Posted in Miscellany

*The Smell of Fear

Scientists have now demonstrated that fear has an odour and we really do react to it. Alexander Prehn-Kristenen and his team put pads under the armpits of students waiting to give an oral presentation and students who were cycling. Both were equally sweaty but what a difference!

Next the researchers scanned the brains of 28 students while the two sources of odour were delivered to their noses using an adapted oxygen mask. Half the time, the students couldn’t even perceive an odour. They were also unable to distinguish between the two odour sources, rating them as equally pleasant. Crucially, however, the participants’ brain responses to the two odours did differ significantly.

The brains of students smelling the sweat of their fearful college mates reacted in the areas of the brain that produce emotion, empathy, portray other people’s mental states, separate self from other. The fact that this occurred even with odours too faint to consciously detect explains why sometimes there is a “whiff of fear” that affects us. (Full story here)

This led me to think about the studies that show that conservatives are more sensitive to disgust than liberals.

As reported here

People who squirm at the sight of bugs or are grossed out by blood and guts are more likely to be politically conservative, new studies find.

There have been other studies that show that the same facial muscles activated in physical disgust are also activated in reactions of moral disgust. (See here).

Clean people are less judgmental.

Conservatives tend to be more tidy.

There seems to be an offsetting behavioural pattern here in which disgust is ameliorated by retaining an environment which is less likely to engage it. Now here is my question: are conservatives more sensitive to fear?

It seems to me that people who react in the exaggerated manner I’ve observed, on everything from same-sex marriage to the weight of the new Surgeon General in the U.S. display a heightened brain response, which is bizarre.

If a clean room can help conservative judgmentalism, maybe air freshener might assist with fear?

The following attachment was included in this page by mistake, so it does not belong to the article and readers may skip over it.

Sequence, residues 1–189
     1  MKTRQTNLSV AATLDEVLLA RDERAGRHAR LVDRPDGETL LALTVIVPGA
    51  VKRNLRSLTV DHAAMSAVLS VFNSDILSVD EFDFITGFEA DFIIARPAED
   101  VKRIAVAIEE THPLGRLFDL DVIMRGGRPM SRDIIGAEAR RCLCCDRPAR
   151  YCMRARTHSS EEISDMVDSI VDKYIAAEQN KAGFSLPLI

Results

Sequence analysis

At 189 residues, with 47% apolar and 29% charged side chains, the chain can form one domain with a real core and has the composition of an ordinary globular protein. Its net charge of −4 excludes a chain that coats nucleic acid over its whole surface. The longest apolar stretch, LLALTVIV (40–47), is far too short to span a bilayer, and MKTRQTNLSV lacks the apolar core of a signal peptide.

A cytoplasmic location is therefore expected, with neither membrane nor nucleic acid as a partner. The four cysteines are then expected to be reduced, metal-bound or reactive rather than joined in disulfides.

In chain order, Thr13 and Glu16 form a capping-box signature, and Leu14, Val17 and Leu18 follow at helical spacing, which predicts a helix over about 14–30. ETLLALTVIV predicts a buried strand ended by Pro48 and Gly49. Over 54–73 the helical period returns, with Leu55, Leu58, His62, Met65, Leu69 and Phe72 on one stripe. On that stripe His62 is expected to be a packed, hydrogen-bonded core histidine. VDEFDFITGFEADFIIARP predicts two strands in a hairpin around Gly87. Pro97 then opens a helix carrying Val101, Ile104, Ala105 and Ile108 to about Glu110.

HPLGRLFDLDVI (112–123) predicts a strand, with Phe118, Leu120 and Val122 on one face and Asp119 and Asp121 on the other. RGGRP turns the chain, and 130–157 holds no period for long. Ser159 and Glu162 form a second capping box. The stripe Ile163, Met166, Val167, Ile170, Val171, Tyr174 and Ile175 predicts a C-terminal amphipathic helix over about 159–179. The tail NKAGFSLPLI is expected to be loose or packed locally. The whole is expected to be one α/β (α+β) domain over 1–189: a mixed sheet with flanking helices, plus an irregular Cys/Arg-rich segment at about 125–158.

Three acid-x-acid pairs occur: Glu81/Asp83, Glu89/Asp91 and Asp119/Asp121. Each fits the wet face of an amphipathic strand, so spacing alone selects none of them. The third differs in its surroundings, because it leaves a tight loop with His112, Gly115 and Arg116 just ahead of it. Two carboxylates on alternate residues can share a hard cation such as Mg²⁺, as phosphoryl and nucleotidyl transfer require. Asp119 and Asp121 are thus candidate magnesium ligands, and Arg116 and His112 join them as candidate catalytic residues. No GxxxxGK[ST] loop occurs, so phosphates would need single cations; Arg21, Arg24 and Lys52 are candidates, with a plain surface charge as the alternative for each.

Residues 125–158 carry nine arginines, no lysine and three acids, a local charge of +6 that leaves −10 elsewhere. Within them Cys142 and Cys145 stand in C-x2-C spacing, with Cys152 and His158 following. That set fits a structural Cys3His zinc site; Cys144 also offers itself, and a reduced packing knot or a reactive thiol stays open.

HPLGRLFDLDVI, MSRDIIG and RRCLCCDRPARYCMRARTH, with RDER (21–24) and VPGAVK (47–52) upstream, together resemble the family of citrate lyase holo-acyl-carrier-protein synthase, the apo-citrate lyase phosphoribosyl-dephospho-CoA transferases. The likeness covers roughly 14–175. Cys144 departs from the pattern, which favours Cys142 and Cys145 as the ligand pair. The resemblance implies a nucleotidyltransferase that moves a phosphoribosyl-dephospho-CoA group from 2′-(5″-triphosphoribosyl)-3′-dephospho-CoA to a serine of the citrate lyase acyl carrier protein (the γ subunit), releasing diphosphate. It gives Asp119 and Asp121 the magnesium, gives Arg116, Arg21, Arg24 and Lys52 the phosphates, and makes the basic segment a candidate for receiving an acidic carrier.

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Lilian is the author of Web of Angels, a novel about a mom with DID (multiple personalities). She's also the author of the historical novels, The River Midnight and The Singing Fire, about secrets, friendship and motherhood in 19th century Poland and London.

4 thoughts on “*The Smell of Fear

  1. Gosh, how interesting. I’m having to think about this, as I consider myself a tremendously fearful person, and yet intellectually a revolutionary (or at least on the side of continual reform) and I do try to be always compassionate. The question may be what the individual does to staunch fear. If we feel we can control it, then possibly conservatism results, but if we feel it is inevitable, then maybe our responses are different. Oh quick, run and get the air freshener and see if it makes any difference! đŸ™‚

    1. When doing these studies, it’s all about tendencies rather than absolutes. An individual might be liberal and more sensitive. The studies are also quite crude in what is used. Disgust is monitored in respect to bugs and guts. It would be interesting to conduct studies with more subtle stimuli. Or if you have a gifted imagination, does that conjure up more fearsome possibilities?

  2. Fascinating! But while I don’t think all fearful people are conservative, I am inclined to think all conservative people are at least a little bit fearful…

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